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B-School Life

MBA Summer Reading: Businessweek's Peter Coy

MBA Summer Reading: Businessweek's Peter Coy

Photograph by Victoria J Baxter/Getty Images

Summer is upon us and you’re searching for a few book recommendations that are both entertaining and useful. Look no further. We’ve asked deans, professors, recruiters, and executives to recommend a few titles that every MBA—or MBA wannabe—should read. Over the coming weeks, we’ll present those lists, as well as some feedback from the individuals who recommended them on why the books get their seal of approval.

Today’s list comes from Bloomberg Businessweek’s economics editor and senior writer, Peter Coy.

Against the Gods: The Remarkable Story of Risk (Wiley, 1996) by Peter Bernstein. “This book has stuck with me since I reviewed it for the old BusinessWeek in 1997 (I called it ‘a lively, panoramic book’),” Coy says. “Bernstein, who has since passed away, described how humankind mastered risk by figuring out the science of probability. Every MBA learns statistics, but the material becomes meaningful when you see where the concepts came from and how they’ve been applied.”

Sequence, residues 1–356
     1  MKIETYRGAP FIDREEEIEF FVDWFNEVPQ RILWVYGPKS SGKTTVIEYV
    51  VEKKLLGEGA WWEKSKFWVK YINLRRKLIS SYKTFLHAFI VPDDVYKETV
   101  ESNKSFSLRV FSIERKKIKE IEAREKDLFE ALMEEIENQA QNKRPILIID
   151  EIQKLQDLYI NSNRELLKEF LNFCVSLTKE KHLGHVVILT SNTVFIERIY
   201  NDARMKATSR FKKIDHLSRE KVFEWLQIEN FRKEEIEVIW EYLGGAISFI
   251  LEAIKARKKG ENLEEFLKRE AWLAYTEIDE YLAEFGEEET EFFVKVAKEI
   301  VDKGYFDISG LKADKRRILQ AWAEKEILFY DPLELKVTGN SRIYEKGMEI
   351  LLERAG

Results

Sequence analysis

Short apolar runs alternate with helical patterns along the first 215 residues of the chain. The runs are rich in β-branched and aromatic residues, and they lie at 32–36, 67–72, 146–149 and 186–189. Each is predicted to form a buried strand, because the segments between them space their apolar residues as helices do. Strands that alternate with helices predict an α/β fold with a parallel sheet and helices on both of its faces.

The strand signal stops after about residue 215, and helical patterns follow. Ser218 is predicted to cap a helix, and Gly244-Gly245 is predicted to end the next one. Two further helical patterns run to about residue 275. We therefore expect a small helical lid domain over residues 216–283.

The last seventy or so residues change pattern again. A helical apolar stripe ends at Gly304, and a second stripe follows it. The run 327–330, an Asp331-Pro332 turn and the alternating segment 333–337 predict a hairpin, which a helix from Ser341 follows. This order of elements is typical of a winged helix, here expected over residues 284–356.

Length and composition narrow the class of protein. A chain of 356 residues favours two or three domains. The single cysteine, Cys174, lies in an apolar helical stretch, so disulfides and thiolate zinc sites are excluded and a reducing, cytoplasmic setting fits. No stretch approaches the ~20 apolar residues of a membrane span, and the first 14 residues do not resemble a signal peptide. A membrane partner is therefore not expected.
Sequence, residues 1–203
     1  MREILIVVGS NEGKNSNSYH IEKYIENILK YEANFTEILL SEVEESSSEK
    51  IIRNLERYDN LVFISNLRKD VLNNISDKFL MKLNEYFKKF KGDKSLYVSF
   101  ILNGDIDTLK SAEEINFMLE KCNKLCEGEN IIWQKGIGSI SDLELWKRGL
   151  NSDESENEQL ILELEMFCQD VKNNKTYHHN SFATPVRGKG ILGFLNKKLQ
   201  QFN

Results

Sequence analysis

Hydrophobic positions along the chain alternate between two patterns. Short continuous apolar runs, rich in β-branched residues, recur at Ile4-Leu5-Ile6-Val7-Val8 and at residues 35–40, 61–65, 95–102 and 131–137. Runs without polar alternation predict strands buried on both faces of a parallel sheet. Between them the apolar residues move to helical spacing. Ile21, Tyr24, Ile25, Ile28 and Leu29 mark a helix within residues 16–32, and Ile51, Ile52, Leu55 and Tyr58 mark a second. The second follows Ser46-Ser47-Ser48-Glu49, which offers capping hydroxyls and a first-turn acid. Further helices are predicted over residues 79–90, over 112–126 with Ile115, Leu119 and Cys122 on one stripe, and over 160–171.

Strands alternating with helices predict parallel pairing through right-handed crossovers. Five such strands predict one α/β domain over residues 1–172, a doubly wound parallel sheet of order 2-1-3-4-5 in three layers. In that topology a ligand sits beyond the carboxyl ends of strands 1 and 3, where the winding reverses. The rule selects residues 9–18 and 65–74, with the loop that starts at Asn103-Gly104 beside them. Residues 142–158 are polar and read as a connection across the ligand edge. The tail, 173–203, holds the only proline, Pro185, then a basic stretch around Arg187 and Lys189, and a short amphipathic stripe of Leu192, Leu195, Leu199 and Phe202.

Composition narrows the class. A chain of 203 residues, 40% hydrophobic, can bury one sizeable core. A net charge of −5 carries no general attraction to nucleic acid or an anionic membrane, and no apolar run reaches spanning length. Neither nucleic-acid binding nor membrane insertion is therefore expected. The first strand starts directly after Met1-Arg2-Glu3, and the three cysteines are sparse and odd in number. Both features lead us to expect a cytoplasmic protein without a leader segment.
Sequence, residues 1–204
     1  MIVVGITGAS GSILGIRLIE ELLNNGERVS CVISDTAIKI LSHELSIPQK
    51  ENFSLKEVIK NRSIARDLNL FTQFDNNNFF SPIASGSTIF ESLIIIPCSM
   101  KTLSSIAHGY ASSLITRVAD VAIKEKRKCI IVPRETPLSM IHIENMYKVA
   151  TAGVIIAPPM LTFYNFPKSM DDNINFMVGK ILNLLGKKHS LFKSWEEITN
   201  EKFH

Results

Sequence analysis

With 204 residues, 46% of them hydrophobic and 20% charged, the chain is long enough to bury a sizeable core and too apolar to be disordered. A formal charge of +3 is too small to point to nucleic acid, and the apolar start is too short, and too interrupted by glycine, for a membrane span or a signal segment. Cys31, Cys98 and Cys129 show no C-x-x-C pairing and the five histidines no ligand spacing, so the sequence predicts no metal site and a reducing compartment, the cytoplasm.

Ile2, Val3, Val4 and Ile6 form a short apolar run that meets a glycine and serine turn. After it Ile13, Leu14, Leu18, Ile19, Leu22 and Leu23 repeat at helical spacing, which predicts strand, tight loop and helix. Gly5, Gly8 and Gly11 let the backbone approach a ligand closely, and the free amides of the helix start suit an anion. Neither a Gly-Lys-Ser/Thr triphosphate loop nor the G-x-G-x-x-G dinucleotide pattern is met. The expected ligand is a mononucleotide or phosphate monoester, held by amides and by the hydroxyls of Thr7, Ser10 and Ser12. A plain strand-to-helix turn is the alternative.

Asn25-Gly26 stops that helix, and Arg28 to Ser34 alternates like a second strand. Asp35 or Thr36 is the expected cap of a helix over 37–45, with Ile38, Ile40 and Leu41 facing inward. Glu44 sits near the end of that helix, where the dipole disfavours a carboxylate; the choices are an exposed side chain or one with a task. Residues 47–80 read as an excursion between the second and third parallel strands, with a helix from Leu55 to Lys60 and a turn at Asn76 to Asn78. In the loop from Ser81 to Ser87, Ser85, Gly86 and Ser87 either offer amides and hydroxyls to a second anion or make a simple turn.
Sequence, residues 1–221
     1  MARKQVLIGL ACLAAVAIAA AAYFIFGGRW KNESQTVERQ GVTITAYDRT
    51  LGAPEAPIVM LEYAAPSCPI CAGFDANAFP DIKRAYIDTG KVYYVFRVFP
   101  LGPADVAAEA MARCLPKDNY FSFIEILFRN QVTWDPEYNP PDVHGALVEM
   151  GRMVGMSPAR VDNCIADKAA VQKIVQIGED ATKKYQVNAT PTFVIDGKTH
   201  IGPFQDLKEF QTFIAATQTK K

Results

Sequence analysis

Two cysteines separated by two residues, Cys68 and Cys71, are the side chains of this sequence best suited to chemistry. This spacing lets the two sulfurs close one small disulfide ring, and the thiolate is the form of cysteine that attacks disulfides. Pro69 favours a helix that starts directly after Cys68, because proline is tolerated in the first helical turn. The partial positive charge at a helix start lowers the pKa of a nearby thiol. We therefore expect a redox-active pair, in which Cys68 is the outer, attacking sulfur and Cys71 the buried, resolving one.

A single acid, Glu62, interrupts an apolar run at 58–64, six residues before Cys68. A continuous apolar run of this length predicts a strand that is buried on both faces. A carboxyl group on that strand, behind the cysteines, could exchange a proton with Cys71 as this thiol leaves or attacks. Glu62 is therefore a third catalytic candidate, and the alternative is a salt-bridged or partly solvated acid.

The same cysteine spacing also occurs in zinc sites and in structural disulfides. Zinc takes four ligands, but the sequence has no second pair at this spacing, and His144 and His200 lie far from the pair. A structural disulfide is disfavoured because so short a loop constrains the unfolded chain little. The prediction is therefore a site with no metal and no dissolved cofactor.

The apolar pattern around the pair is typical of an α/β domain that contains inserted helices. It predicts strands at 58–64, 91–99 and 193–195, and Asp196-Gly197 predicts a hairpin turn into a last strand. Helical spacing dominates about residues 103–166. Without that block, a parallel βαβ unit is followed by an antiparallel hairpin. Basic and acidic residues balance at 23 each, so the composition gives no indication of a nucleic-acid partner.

Antifragile (Random House, 2012) by Nassim Nicholas Taleb. “Don’t read Bernstein’s book without also reading Taleb’s, which came out last year,” Coy says. “Antifragile is the capstone of Taleb’s trilogy, which includes Fooled by Randomness and The Black Swan. Taleb detests economists and statisticians who claim to have a better handle on risk than they really do. To follow Taleb, try to make your business career ‘antifragile’—so it gains, rather than loses, from disorder.”

Why I Left Goldman Sachs: A Wall Street Story (Grand Central, 2012) by Greg Smith. “Since at least half of every MBA class wants to go to Goldman Sachs (GS), it seems, it’s worth hearing from Greg Smith why he left the place,” Coy says. “In short, it’s because he felt Goldman had betrayed its own commitment to put clients first. Newly minted MBAs who still have their idealism intact will read Why I Left Goldman Sachs as a cautionary tale.”

Join the discussion on the Bloomberg Businessweek Business School Forum, visit us on Facebook, and follow @BWbschools on Twitter.

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